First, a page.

Shuja Moore and Sydia Bagley spoke to the St. Joe’s community about trauma and post-prison rehabilitation following a screening of “Healed People, Heal People,” the third episode of “Walkies,” a digital series telling the stories of people who have found success after incarceration.
The event, titled “Back to School and Redemption: Screening and Q&A of ‘Walkies’ Films,” was held on November 9 at the Forum Theater at Campion Student Center.
Moore, the creator and executive producer of “Walkies,” started the series to highlight the voices of those who have been in jail and to help those who may be at risk. After being incarcerated for 12 years, Moore returned to West Philadelphia after his release to support the community by providing economic advice and support.
Moore and the “Walkies” team are hosting national screenings of the series, both virtually and in person. “In our criminal and legal system – and I am intentionally without saying the justice system because I have not known justice after going through this – it is designed to make entry very easy and very difficult to exit,” he said. Moore said at the event. “Once you are released there are only barriers. “
The event was sponsored by the Center for Inclusion and Diversity (CID), the Beautiful Social Research Collaborative and the Pedro Arrupé Center for Business. Down North Pizza, a company that hires people who have been in prison, hosted the event.
The main event coordinator was Imani Briscoe ’17, Program Specialist for Experiential Programming for Inclusion and Diversity (IDEP). Briscoe met Moore through personal contact and wanted to bring Moore’s “Walkies” series to St. Joe’s to show the intersection of incarceration and trauma and to provide space for this conversation on campus.
“We are able to see that they paid more than enough time,” Briscoe said. “[We are] by ensuring that they are given that second chance and a fair space.
Nicole R. Stokes, Ph.D., assistant vice-president of diversity, equity and inclusion, said the event sparked an important discussion about second chances and rehabilitation for people who have already been incarcerated.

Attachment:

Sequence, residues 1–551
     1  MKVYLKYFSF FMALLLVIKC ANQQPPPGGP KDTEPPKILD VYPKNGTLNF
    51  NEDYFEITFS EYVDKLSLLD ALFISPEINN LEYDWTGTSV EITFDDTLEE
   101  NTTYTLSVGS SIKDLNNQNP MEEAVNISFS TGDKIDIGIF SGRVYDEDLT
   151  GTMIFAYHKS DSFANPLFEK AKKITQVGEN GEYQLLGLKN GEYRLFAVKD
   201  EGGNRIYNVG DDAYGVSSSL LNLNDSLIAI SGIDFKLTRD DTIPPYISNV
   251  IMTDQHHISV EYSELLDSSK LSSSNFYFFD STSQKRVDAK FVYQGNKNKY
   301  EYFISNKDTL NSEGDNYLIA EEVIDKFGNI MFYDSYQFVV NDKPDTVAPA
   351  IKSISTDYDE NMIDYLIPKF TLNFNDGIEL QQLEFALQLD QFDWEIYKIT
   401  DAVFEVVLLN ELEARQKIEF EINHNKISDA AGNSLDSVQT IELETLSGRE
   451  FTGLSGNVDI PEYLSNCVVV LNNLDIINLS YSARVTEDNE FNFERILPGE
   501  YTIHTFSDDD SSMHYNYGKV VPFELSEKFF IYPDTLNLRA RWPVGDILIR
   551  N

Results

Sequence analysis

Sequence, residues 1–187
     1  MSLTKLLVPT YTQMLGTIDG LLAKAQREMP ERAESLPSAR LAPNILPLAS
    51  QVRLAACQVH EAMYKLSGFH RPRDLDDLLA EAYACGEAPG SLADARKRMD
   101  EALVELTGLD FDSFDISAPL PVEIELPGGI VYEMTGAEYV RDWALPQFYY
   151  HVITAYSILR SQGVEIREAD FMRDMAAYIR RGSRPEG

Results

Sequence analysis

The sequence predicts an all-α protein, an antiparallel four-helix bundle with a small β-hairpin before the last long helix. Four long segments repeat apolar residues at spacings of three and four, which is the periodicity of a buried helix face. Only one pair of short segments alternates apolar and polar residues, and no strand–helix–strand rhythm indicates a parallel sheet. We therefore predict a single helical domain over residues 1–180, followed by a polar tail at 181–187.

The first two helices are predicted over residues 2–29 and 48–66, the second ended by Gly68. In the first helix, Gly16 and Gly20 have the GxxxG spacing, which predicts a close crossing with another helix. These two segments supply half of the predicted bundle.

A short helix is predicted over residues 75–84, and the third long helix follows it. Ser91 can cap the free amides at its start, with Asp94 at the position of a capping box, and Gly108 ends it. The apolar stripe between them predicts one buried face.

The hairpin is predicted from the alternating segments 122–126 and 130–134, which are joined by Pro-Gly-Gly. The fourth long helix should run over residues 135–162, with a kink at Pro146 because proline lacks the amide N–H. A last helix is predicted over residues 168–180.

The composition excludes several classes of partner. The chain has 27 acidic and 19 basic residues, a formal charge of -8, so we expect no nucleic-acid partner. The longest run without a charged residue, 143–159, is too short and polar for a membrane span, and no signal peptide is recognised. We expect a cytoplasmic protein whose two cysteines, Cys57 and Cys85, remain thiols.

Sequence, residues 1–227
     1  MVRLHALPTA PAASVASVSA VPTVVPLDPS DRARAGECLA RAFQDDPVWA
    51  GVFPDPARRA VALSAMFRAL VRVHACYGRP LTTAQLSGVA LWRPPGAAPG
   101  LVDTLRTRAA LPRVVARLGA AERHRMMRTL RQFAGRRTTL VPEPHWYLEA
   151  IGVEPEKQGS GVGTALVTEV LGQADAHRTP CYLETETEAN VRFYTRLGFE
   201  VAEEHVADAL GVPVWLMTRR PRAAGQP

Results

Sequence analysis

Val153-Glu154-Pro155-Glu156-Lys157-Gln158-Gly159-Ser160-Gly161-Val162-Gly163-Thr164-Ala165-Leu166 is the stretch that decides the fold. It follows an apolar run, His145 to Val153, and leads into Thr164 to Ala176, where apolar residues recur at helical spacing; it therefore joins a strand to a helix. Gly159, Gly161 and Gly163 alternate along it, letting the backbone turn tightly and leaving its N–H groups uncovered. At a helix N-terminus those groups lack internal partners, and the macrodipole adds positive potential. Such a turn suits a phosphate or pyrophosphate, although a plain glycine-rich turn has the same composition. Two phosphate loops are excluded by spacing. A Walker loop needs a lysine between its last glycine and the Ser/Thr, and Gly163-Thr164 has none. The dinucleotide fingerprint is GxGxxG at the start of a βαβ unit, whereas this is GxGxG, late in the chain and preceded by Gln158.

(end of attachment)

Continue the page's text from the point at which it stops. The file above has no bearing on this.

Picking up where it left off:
“Our system, often in many cases, is designed so that people have made previous mistakes or paid for their mistakes and are not always able to redeem, take back their lives and have economic independence to enter. specifically in the job market, ”Stokes said. . “There is a clear correlation between someone finding a job when they return and not reoffending.”
In “Healed People, Heal People,” Moore talks with Bagley about her history of being in prison and finding herself during her struggles to return to her life and her family.
Bagley, after serving a prison sentence, began to deal with a past sexual assault and started a successful restaurant business and ‘Locked Down Love’, an annual event held to celebrate the reintegration of ex-offenders into the community. society and the fight against adversity and stigma.
“It’s therapeutic for me. It makes me relive everything. I went through a note and I’m on the right track. I do what I’m supposed to do, ”Bagley said at the event. “It just makes me want to do more than what I’m doing. That’s why I decided to turn “Locked Down Love” into a non-profit organization. Just watching this movie always reminds me that there is so much more to do.
Deanna Smith ’22, a major in criminal justice, attended the event for her Sociology, Gender, Crime and Criminal Justice class. Smith said hearing Moore and Bagley’s individual experiences was different from learning about incarceration in the classroom.
“In our courses, we usually learn about the system as a whole and the characteristics of people run through the system as a whole,” Smith said. “Knowing more about an individual’s history is really different because it really humanizes the process by which people live. “
The third episode of “Walkies”, titled “Healed People, Heal People” is available on YouTube.